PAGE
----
The Chess Match - Part 2 - Cheater!

1. The Chess Queen.  In my descriptions of  each chess piece we will cover both the basics (how the specific piece move and what initial value it has) and finish with its more subtle qualifications for any player to be able to use it with the full power she deserves.

I begin my descriptions with the Queen. Why? Because I love this piece, simply and because she is the operative commander of any chessgame.

The Queen is  sometimes mentioned as the strongest piece on the  board but it is not correctly described since it depends on her position if she is strong or not and what potential powers she may get thanks to that.

However she has the potential as the most valuable and powerful piece that can be sacrificed (The King is the most valuable but can’t be sacrificed).

Powerful because she can travel fast over long distances, in very versatile angles – diagonally, horizontally and vertically. Valuable because her presence always defers any opponent from attacking without thoroughness. One miscalculation of the opponent’s queen’s powers and the game balance may tilt. She also can defend and attack at the same time, due to all her ways to interact on the board.

She may for example defend three pawns and a knight but still have the chance to long  distance attack or move her self to the center of an attack in the next move. No other peace has this combined ability.

However the Queens apparent strength also has built in weaknesses. She can’t jump, which make her often trapped in tight spaces, both from the player’s own pieces but also from the opponents active and passive pieces.

Being powerful means also that loosing it will in most cases result in loosing the game. That means a player has to use her  powers wisely or she will find her self in trouble because of the opponent’s big desire to capture her. To reach her potential value as the most valuable piece,  the player has to place her at the best spots for her powers. She has to be able to quickly get into any position and be a beacon of power for the rest of the pieces. To support them and to make them confident of the outcome of the battle.

Just the potential risk of having the queen appear in 1 move at the battle centre, constitutes a great change in a chess game. Make sure that you always give your Queen that chance, to appear at the centre of action within at least 1 move or even better make sure that she is already present at the centre when the attack commences.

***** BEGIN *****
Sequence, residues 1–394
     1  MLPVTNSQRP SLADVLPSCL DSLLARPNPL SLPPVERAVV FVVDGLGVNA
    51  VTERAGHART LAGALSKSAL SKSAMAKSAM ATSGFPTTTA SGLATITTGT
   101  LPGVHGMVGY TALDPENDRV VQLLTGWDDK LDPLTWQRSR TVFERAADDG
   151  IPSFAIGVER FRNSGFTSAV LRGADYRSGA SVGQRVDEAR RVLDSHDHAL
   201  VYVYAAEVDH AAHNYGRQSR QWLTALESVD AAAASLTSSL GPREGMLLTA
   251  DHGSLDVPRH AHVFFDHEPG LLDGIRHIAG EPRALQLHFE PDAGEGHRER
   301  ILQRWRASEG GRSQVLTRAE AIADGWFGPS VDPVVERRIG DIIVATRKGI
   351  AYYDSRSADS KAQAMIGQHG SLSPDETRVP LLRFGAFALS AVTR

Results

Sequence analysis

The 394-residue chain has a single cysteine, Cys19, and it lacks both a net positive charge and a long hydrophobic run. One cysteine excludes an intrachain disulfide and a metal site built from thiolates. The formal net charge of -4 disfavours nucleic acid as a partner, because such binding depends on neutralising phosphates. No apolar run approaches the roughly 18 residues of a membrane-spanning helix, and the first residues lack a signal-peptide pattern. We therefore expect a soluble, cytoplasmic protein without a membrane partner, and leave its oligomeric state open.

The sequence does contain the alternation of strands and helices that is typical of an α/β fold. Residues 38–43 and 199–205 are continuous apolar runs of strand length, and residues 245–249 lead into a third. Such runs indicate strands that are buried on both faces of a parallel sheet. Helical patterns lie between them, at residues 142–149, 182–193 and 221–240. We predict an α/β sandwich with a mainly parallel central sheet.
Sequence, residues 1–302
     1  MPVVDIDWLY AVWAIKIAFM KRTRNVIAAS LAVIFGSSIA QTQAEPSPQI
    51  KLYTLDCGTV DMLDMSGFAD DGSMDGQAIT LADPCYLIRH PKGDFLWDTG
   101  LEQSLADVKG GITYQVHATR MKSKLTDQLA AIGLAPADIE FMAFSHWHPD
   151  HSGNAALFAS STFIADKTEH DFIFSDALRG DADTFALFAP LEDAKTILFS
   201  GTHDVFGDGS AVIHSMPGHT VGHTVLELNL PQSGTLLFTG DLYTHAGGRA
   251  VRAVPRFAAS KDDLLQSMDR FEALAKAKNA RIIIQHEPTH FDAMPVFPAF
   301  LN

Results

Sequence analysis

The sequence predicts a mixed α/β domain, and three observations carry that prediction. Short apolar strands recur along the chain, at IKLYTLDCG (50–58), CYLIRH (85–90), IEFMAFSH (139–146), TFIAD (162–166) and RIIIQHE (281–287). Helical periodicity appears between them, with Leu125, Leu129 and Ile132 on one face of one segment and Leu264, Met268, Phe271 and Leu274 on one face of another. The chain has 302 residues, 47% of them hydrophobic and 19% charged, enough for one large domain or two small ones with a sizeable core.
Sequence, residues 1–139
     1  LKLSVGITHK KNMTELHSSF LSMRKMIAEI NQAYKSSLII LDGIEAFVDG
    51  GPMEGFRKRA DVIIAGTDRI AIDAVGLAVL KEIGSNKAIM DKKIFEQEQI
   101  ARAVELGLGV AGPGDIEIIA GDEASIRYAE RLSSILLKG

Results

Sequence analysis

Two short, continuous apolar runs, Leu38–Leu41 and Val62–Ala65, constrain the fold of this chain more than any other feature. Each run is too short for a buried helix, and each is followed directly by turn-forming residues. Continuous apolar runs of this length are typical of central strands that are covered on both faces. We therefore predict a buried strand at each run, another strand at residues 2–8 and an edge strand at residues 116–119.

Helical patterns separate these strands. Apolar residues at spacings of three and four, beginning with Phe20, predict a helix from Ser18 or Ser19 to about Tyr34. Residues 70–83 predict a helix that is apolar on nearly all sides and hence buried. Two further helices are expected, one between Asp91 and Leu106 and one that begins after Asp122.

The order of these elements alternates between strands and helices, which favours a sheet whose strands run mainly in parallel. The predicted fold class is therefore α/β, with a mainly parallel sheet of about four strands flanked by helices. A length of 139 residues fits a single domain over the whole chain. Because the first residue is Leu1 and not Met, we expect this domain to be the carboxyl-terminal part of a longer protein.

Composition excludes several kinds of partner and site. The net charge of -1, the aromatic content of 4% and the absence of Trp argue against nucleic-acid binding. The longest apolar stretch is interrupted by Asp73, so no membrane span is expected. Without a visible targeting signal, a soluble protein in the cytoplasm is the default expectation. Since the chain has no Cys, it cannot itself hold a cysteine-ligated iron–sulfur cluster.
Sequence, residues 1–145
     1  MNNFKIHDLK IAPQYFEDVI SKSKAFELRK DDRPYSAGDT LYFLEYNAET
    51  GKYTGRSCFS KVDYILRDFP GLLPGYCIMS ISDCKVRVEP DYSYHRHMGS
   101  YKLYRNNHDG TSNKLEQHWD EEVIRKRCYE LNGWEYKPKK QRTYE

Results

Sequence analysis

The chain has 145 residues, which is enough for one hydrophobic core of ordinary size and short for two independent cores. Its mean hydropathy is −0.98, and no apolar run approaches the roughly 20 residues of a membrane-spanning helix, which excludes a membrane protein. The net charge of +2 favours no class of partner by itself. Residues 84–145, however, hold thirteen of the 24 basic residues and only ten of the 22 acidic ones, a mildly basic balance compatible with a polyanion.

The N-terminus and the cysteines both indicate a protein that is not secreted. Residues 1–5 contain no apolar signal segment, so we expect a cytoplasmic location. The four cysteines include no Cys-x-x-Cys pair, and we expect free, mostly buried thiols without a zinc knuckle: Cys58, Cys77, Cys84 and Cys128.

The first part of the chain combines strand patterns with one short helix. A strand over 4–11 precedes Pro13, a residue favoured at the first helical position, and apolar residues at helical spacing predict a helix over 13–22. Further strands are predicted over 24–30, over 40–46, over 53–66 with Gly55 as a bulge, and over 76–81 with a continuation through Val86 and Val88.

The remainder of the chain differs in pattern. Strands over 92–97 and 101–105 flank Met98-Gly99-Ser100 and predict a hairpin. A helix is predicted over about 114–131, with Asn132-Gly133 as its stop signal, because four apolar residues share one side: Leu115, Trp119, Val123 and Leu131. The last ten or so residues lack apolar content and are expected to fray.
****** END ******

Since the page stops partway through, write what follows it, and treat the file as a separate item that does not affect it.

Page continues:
1. How the Queen moves. Horizontally, Vertically and Diagonally but can't jump.

At the start of a game a Queen is in a complete defending position. She protects 3 pawns and a bishop to her left. Her protection of the King to the right has no significance since a King can not be taken at all like the other pieces. Then the game is over and it is already check mate.

So the goal for any player is to always make sure that the Queen can find the continuous  spots from where she can command as much space and force as possible throughout the game (unless she was sacrificed earlier to checkmate the opponent or create a clearly winning position).

Space, just by the mere squares she can travel and Force, by the direct or indirect effect her potential moves can have in the chess battle at any given point.

The only thing to remember about the queen in your future games: 

  • Place her at all times as actively as possible without being easily attacked. Make her beam of powers light up the battle field for the rest of your soldiers! Any move with her should be CAREFULLY double and triple checked to avoid a simple blunder or an ambush.


The initial/generic value of the Queen

In classic chess schools Queen is often assigned a value of 9.  In my chess school (with hypermodern chess pedagogics) it has just the value of  1 until you opened up for it and put in in a safe _and_ powerful spot ready to enter the battle in one move or already is influencing the battle center. Then it has the value of that spot where it currently is at. It could be 9 or much more. But it could also be any number between 1 and 9.